I am about to lead a lenten group in a conversation about the Great Vigil of Easter.  My plan was to chant the Exultet, a haunting chant that is sung in the beginning of the service as the light of Christ is brought back into the church and then talk about the light that comes back into our lives after times of darkness.

I can’t sing.  I had an allergy attach when I was down south and despite the steroids I’m taking, I have no voice.

I have to be flexible.  I’m changing my plan.  One possible twist is to play the chant off the internet, another is to just read the ancient words, and another idea hasn’t hit me yet but may hit tomorrow morning.

How often do I lose the potential of experiencing something new or different because I refuse to alter my plan even when I need to?

Life brings little twists, disrupters, and interruptions.  A while back, it was the children, Mommy, Mommy, Mommy…  I miss that.   Sometimes we need the interruption.  It takes us out of ourselves and puts us back in the world where we need to be flexible, where we need to twist, we need to create freely and not be stuck.

 

Lent 4 – Monday – putting a line in the sand.

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Knitting idea;

4 Rows of seed stitch.  Continue in your seed stitch pattern and here are directions for seed stitch if you forgot!

  1. Row 1: * K1, p1; rep from * to end of row.
  2. Row 2: * P1, k1; rep from * to end of row.
  3. Rep Rows 1 and 2 for pattern.
 Reflection:
Sometimes in life it is just important to stop and regroup.  Step off the treadmill, take a deep breath and just stop.  I’m not talking about stopping to think.  I’m literally talking about stopping and doing nothing but breathe.  Take some time to just be present to yourself.  We give this gift to others.  We are there for them, we listen, we help, we take action, we sacrifice, and we keep on keeping on with the myriad things of life that need our attention.  It’s important to stop.  It doesn’t have to be for long but it is important for all of us to find time to stop.
Now, take stock.  Ask yourself:  How are you doing?  Self:  Wait what?  You want to know how I’m doing?????  Wow!
Answer:
Question:  Self, what’s really important?
Answer:
The seed stitch is my mark in the sand for this lenten project.  It’s  a demarcation of having crossed beyond the halfway point where I feel the need to stop and look around and ask where am I with this?
Yesterday in the Episcopal Church the Gospel passage was this:

John 3:14-21

14And just as Moses lifted up the serpent in the wilderness, so must the Son of Man be lifted up, 15that whoever believes in him may have eternal life. 16“For God so loved the world that he gave his only Son, so that everyone who believes in him may not perish but may have eternal life.17“Indeed, God did not send the Son into the world to condemn the world, but in order that the world might be saved through him. 18Those who believe in him are not condemned; but those who do not believe are condemned already, because they have not believed in the name of the only Son of God. 19And this is the judgment, that the light has come into the world, and people loved darkness rather than light because their deeds were evil. 20For all who do evil hate the light and do not come to the light, so that their deeds may not be exposed. 21But those who do what is true come to the light, so that it may be clearly seen that their deeds have been done in God.”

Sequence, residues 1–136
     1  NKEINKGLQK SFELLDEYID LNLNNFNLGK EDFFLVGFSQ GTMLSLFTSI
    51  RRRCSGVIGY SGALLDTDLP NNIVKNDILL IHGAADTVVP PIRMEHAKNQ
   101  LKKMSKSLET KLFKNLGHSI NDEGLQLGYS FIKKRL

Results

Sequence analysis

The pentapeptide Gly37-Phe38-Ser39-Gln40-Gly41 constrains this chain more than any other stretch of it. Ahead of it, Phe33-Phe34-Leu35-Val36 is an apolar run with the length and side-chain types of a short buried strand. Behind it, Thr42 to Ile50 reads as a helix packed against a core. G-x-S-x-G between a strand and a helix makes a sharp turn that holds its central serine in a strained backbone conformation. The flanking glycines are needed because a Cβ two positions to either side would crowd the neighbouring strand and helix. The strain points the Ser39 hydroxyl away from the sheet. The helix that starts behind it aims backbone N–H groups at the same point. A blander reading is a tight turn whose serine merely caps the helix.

I preached about how God so loved the world.  The passage is in the context of God’s great love for the world.

I read a commentary that talked about how the word we translate as “believe” is more of an action rather than an intellectual activity.  So I reread the gospel to the congregation using the word respond instead of believe.

14And just as Moses lifted up the serpent in the wilderness, so must the Son of Man be lifted up, 15that whoever responds to him may have eternal life. 16“For God so loved the world that he gave his only Son, so that everyone who responds to him may not perish but may have eternal life.17“Indeed, God did not send the Son into the world to condemn the world, but in order that the world might be saved through him. 18Those who respond to him are not condemned; but those who do not respond are condemned already, because they have not responded in the name of the only Son of God. 19And this is the judgment, that the light has come into the world, and people loved darkness rather than light because their deeds were evil. 20For all who do evil hate the light and do not come to the light, so that their deeds may not be exposed. 21But those who do what is true come to the light, so that it may be clearly seen that their deeds have been done in God.”

How do we respond to the awesome love of God?  Where do we see it?  Do we feel it?  It’s always there but sometimes we just have to stop and be present to it.  We are loved, so loved, and all we have to do is accept the love that is available.  Accepting is a response!  It’s hard to believe that we are loved so much.  It took years of a priest telling me that God loves me for me to really “believe” it!  We are loved by God and we need to keep reminding ourselves.  This is the love I keep talking about that we connect to in our prayer.  Stop and feel the love!